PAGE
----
Working Stiff

Tender care comes naturally to "The Plant Man"


Phil Davis, The Plant Man, dishes out a drink of water to thirsty plants at Mid Valley Mall's water feature located in the center court. Tropical plants, which have a short life indoors, aren't financially feasible for clients, so he said he aims for a tropical illusion at the mall by using lacy-looking Norfolk Island Pine at the top of the waterfall and spiky Bromeliad, which will last three months, and a rosy colored Kalanchoe, which has a life of about six months.

When he was five years old, Phil Davis wandered across the road to see what a neighbor lady was doing.

"She was getting rid of these plants and I couldn't bear to see them thrown away. I came back with an armful of buttercups and violets that are probably still blooming at our old home in Buena Heights," said Davis.

"That was the start of it," he added.

Today he is known as The Plant Man, lives in the country between Zillah and Granger and is in business supplying plants and maintenance of them to 30 businesses from Yakima to Pasco.

"My service is most conducive to businesses where people sit and wait a long time or to businesses that have high visibility, like banks," explained Davis, who counts Mid Valley Mall, Sunnyside Community Hospital and Bank of America among his Sunnyside clientele.

He also provides all of the interior plants for North Star Lodge, Memorial Hospital's cancer treatment center in Yakima.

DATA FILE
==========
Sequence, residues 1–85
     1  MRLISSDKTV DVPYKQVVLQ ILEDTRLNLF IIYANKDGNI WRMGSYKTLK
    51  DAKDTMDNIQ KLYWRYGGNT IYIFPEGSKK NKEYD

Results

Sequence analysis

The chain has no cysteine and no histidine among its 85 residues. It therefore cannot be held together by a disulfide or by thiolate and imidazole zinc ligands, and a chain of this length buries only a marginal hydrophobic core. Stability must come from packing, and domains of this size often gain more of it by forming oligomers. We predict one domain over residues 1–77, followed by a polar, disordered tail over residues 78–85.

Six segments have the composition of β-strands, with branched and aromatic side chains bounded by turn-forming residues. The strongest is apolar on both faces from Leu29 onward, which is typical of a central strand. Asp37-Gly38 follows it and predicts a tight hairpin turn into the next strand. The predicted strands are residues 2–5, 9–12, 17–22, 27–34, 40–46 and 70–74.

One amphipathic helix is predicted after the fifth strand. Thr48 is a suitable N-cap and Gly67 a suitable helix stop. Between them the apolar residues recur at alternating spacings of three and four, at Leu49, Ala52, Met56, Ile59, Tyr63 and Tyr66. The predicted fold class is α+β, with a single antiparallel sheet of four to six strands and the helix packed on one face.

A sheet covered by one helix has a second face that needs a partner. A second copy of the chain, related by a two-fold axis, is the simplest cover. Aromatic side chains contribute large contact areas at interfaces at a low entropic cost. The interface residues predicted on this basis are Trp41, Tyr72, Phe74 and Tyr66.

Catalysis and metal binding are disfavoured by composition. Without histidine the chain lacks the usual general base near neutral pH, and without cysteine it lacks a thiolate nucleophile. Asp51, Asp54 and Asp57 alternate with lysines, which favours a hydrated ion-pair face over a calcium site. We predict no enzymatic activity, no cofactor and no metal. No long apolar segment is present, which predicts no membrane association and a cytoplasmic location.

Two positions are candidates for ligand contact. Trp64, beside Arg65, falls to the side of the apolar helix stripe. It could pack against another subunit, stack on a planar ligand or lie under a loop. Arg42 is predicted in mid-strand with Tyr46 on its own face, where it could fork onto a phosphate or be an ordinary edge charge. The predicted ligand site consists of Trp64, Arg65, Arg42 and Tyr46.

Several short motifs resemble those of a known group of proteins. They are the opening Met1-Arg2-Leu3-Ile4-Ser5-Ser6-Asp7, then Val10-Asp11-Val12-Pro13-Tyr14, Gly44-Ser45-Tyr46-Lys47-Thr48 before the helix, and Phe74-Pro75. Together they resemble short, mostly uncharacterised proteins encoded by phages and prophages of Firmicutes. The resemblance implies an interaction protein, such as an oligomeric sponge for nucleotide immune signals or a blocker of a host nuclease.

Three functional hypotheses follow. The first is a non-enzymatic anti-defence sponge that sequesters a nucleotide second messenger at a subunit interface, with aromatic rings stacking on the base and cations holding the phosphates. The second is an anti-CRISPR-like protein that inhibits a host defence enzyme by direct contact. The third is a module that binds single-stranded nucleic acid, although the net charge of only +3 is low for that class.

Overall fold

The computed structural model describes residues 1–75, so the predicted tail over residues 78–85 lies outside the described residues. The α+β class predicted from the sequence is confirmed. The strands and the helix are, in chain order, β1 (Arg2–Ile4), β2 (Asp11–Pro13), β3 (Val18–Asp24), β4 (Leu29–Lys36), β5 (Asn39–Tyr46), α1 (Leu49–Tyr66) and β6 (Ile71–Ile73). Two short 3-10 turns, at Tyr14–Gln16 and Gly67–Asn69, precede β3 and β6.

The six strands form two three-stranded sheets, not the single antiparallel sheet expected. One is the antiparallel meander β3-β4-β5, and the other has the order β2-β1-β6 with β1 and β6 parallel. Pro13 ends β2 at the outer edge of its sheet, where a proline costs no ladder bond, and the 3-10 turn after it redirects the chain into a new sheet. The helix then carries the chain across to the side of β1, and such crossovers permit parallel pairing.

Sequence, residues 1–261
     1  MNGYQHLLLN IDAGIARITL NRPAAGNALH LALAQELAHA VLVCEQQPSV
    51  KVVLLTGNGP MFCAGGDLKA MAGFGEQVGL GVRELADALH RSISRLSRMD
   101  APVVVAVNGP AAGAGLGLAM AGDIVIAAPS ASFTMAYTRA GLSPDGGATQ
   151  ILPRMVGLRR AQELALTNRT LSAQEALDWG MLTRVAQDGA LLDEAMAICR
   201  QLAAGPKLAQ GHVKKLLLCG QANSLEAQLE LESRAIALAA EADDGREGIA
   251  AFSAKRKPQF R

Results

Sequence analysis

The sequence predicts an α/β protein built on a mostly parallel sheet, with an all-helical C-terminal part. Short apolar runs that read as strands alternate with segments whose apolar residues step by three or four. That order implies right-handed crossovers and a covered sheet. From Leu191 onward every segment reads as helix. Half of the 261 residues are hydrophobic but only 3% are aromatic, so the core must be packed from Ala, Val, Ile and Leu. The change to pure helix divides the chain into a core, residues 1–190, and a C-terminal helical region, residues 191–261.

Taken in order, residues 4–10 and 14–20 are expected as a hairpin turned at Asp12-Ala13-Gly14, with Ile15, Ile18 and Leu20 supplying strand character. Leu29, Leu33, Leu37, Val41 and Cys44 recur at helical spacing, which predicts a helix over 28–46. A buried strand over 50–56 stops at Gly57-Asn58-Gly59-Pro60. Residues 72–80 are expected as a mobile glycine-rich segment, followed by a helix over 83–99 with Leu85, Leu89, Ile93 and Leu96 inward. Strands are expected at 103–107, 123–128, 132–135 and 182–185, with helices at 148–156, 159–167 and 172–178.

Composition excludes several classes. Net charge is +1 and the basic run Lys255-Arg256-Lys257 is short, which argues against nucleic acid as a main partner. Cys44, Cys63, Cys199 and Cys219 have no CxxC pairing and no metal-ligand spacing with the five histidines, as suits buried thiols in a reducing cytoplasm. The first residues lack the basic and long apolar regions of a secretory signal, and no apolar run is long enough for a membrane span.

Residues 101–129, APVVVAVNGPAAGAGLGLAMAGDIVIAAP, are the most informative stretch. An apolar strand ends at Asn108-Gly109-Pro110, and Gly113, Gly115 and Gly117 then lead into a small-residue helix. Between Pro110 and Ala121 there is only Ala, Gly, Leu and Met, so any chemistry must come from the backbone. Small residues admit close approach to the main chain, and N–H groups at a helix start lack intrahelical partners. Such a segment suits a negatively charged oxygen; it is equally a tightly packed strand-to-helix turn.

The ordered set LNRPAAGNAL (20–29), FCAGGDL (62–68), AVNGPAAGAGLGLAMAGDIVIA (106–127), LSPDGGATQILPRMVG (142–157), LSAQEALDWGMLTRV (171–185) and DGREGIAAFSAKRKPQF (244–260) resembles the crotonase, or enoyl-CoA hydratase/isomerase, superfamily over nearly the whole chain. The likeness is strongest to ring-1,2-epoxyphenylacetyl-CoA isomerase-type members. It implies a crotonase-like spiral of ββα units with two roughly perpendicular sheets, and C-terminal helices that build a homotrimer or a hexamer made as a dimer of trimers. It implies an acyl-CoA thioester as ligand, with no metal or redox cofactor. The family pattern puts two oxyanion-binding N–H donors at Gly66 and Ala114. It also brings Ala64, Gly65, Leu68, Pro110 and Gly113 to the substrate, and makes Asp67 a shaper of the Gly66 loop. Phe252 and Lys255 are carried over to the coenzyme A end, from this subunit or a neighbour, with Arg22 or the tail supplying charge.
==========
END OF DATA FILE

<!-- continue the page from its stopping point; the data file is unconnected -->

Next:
"Things that are alive and healthy are important in places like that," he noted.

Davis makes his rounds weekly to keep the plants he provides and arranges looking nice.

"I groom the plants, pulling out dead leaves and flowers, poor looking limbs and branches. I do anything that's required to keep plants looking healthy. That's watering, grooming, dusting and cleaning them and providing pest control. And, of course, turning them to catch the light in places where that's needed," said Davis.

Although it is not a major portion of his business, which he started in the summer of 1999, Davis said he will also sell plants to individuals. "But don't call me to lay sod because I don't do that anymore!," he said, laughing.

He was into exterior landscaping at one time, not only managing a landscaping crew in Vail, Colorado, but also partnering in a landscaping business in Yakima.

"I had the thought way back then that doing indoor landscaping would be much more fun," he said.

In between the exterior and interior landscaping, Davis was a shepherd with his own a non-denominational minister. For personal reasons, he left that calling, in body, if not in spirit.

"I don't believe God has removed me from being an ordained minister, but my mission field is my children right now," said Davis, a single father raising two girls.

"One pushing 15 and one halfway to 13. I've got them right where they want me," said Davis, grinning.

In addition to the activities generated by a couple of active offspring, Davis likes to romp through the summer on stage as part of the cast of the Toppenish Creek Players whenever he can snare a role in one of their melodramas.

"The Players may never be rising stars, but we do it because we love it, not because we think we're some punkins, as my grandma used to say," said Davis, adding that he would like to someday be assigned a villainous role. "For the last two years I've been as close to the hero as those plays come," he said.

Davis holds a degree in zoology from the University of Washington and a degree in theology from a Bible college in Emporia, Kansas. He said he has enjoyed the variety of employment he has followed over the years and likes what he is doing now, too.

"I believe people should enjoy what they do or be honest and get out of it," he said.


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